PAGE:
.. Depending on where you stand. The past two years have been interesting ones for Africa. Africa stands tall in something it hasn’t been noted for, and interestingly, therefore, the uniqueness of it has almost slipped under the radar. Four of its notable leaders died while in office! By this, I don’t mean those who were forced out, including what happened during the Arab Springs. I mean those who died normally (to the extent that you can call illness and sudden death normal). First was the president of Nigeria, then the president of Malawi, followed by Ghana, and then most recently, the prime minister of Ethiopia!
Off course Africa, will not be Africa if some of these events were not somewhat colorful! And thus, we had countries like Nigeria allegedly trying to cover up the death of the president, to the president of Ghana, who allegedly took a run in the sun to prove he was healthy when he had been clearly advised by his doctors to take time off. I anxiously await what happens in Ethiopia, but I remain hopeful. At least if my friend and colleague, Seeye Hagos, the former defense minister of Ethiopia who fought alongside the former President Meles Zenawi, has anything to do with it. In a note to me, he states “Yes, the Ethiopian political landscape is changing fast. It may be a bit too early to predict the direction of the change but my hope is that it will be for the better.”
So let’s trace what I’d like to bring attention to. In Nigeria, an election was conducted after the death of the president. Despite some trepidation, his vice, Goodwill Jonathan, got the goodwill of the people to lead. In Malawi, the vice president, the much-maligned Joyce Banda, became the president and is now amongst the few women presidents in the world. In Ghana, within 10 hours, the vice president, John Mahama, was sworn in and is now the president of Ghana, albeit he goes into elections in a couple of months. There seems to be peace within Ethiopia so far!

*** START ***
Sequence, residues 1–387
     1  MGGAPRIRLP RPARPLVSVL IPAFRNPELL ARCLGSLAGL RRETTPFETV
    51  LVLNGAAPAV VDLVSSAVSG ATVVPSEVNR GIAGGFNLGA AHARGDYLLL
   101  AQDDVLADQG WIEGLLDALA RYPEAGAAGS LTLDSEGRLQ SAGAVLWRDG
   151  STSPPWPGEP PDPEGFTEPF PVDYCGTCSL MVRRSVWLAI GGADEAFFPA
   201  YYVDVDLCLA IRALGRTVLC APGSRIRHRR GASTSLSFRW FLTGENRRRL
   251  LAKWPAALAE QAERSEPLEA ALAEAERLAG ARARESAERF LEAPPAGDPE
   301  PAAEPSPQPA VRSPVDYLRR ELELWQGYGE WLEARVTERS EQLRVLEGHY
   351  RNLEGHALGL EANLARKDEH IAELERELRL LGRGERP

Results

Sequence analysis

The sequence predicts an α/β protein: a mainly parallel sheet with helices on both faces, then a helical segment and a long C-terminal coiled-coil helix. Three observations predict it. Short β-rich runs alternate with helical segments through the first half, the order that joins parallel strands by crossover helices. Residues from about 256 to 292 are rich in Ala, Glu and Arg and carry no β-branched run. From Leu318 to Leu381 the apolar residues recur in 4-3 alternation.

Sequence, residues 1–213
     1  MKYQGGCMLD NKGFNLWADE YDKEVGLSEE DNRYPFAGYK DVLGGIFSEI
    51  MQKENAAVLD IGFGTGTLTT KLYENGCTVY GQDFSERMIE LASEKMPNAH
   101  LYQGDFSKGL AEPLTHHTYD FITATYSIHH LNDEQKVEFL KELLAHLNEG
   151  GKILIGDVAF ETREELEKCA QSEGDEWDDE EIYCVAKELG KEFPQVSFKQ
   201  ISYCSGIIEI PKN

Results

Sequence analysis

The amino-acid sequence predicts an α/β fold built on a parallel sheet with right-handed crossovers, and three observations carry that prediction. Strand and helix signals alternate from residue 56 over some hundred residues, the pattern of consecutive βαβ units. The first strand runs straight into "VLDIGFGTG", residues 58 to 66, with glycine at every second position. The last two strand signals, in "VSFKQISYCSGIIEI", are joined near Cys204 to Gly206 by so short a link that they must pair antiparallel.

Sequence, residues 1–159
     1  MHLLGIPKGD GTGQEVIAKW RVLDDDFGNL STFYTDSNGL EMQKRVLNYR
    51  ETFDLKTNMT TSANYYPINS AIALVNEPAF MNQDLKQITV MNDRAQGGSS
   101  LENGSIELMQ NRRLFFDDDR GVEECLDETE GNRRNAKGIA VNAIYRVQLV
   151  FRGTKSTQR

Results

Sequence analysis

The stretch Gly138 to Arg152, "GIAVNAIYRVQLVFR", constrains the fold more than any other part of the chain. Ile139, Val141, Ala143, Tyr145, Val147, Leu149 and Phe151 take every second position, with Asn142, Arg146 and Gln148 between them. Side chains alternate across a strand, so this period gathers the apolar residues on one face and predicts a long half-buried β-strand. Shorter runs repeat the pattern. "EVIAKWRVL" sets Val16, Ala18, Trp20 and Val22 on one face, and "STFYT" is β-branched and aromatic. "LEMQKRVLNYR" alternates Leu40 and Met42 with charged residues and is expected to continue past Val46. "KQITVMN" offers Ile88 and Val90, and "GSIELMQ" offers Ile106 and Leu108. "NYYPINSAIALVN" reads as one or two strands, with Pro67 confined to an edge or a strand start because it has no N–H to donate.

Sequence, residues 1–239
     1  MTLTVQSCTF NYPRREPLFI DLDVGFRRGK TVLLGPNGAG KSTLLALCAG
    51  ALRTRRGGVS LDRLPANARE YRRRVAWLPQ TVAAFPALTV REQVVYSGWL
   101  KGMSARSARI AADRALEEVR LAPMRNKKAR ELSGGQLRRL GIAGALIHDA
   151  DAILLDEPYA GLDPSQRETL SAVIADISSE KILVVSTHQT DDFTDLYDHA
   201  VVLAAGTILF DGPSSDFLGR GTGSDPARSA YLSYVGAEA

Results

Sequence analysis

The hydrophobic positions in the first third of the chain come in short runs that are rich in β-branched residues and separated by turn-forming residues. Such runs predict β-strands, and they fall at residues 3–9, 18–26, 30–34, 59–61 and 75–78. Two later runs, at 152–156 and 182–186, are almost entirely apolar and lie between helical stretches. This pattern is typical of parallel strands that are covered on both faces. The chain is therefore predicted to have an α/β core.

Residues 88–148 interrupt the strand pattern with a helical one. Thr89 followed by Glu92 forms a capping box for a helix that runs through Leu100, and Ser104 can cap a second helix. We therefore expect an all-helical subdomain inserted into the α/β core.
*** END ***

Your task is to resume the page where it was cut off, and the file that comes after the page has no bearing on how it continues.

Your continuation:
In my lifetime, I have seen Africa evolve from a continent in which coup d’etats were perpetually the expectations of the people if things did not go well, to a continent where most of the people now tentatively expect something much better: democratic elections. The terrain is changing fast to one in which people are not constantly afraid of unscheduled forceful changes in governments, but worry about other things that affect their survival. The conversation is changing around the table. People focus on economics, education, health and food; the new president in Africa can hope to stay in power within the term of office if s/he tackles these.
This shift has been so subtle, it has almost gone unnoticed and thus, its real import has somewhat been glossed over. To get to the point in any country in Africa (let alone somewhat consistently across the continent) where a change from one government to the other done legitimately and following laid-down democratic structures, is seen as no big deal, is a big deal!
Permit me my wish to indulge therefore! To pause and savor the taste of this moment and rejoice that in my lifetime, I have seen this great shift. Let me applaud the peoples of these great nations who have changed the story of the continent. I encourage the brave people of Africa to stop and appreciate and affirm this new dawn that has hit the continent and to call on the people of this marvelously resilient continent to continue to change the story and to fight any regression into the past.
Baby steps, baby steps maybe; but in this instance, they are the baby steps of an elephant!